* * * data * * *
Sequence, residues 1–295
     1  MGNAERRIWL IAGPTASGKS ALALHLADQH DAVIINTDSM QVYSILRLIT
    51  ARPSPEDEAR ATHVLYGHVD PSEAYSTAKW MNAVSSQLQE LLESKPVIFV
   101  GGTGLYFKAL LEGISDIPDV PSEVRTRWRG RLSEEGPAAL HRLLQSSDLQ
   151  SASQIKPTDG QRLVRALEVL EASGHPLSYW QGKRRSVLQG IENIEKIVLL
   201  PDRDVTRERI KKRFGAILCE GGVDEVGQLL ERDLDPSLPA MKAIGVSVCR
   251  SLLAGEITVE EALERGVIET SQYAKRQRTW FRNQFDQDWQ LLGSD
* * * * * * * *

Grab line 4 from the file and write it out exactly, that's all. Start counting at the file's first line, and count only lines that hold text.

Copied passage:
   101  GGTGLYFKAL LEGISDIPDV PSEVRTRWRG RLSEEGPAAL HRLLQSSDLQ